Taiwan To Fastrack ICO Law After South Korea & China Ban ICOs

China announced in early September that it would ban all Initial Coin Offerings (ICOs) and shut down domestic Bitcoin Exchanges in the country. The value of the Bitcoin cryptocurrency has skyrocketed this year reaching $5,000 and is currently valued at $4,110. When China announced that it was banning ICOs and Bitcoin exchanges, the value of the cryptocurrency dropped significantly before stabilizing after a few days.

China decided to ban the popular cryptocurrency because local investors were buying heavily into Bitcoin and were betting against the yuan – which is the local currency. The Chinese government has been trying very hard to stabilize the yuan and banning Bitcoins was another way of arresting its fluctuation.

South Korea announced this week that it was following in the footsteps of China and would ban ICOs. There has been a marked increase in the number of startups offering ICOs which is a process of awarding shareholders with digital tokens. The popularity of Bitcoins and its significant growth rate in the last 24 months has caused thousands of investors from across the world to buy into these ICOs.

China and South Korea remain concerned over the cryptocurrency industry and such ICOs because there are a number of companies who are launching ICOs and bringing in millions in investment even though their business plans are sketchy and sometimes even fraudulent. The two governments were concerned that thousands of bitcoin investors could get scammed eventually by fraudulent companies who run fake ICOs.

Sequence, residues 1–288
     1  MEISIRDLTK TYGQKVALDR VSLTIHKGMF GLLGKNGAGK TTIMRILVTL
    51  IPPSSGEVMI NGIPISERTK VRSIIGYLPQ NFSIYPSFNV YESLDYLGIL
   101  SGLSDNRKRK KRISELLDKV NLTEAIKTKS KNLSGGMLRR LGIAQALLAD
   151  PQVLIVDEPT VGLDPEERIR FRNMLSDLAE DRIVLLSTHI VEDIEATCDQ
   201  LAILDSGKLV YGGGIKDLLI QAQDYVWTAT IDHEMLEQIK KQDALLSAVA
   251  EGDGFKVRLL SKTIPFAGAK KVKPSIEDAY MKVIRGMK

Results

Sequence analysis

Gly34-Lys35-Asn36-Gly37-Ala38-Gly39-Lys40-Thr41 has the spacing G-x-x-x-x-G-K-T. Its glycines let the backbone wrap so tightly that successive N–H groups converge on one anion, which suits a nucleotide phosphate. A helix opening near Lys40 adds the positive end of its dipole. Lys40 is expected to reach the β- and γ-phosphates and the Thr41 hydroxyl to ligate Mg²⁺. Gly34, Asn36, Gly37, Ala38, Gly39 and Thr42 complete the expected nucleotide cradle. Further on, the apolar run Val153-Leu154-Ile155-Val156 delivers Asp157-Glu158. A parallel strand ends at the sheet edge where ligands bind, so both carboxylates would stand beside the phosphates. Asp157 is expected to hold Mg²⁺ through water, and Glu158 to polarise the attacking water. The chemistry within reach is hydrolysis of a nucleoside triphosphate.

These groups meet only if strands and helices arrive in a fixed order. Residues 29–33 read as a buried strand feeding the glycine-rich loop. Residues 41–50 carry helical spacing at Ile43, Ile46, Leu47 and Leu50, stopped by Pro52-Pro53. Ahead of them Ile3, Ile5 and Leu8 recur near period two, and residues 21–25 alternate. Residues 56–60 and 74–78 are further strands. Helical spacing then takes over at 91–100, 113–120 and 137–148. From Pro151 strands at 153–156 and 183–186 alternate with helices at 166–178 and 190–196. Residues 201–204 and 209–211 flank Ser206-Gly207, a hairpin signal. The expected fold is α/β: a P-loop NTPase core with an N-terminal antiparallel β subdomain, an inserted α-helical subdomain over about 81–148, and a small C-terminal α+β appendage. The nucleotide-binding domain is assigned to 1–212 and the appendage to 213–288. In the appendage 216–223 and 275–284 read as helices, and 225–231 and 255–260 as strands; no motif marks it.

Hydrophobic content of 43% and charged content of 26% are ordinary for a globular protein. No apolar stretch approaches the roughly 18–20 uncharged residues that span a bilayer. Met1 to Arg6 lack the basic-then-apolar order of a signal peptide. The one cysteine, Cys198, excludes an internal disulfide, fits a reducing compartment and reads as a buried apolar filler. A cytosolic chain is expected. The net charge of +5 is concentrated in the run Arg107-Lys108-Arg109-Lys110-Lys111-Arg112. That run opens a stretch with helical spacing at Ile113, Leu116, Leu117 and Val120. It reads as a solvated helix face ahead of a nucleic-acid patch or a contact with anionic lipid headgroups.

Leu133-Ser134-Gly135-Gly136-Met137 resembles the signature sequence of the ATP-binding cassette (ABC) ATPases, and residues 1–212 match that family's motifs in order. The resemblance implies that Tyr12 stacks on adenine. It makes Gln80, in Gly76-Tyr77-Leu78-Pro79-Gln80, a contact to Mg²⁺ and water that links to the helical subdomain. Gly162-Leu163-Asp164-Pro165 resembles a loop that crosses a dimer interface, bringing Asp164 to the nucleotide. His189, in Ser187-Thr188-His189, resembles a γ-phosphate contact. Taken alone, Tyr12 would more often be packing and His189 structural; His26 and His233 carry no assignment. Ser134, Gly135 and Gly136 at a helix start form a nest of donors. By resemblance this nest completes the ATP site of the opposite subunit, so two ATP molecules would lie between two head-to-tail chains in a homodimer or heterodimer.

South Korea has confirmed that any companies engaging in ICOs going forward will be hit with heavy penalties. The government has also stated that the cryptocurrency industry needed to be better regulated and closely monitored going forward. Bitcoin prices dropped by 2 percent after South Korea confirmed that it would be banning ICOs.

Taiwan has now expressed caution over the Bitcoin industry after seeing China and South Korea ban ICO’s. The country’s legislators have called for ICO laws to be fast tracked in order to have a regulated cryptocurrency industry and prevent fraudulent exchanges from taking place. Jason Hsu, who is a legislator with the Kuomintang opposition party has been one of the key leaders looking to promote the fintech industry in the country. He has called on Taiwan’s legislators to roll out new ICO laws to address concerns over Bitcoins and ICO’s.

In a statement, Hsu said

I am worried that with both China and South Korea banning ICOs, all this hot money will flow into Taiwan’s stock market and real-estate

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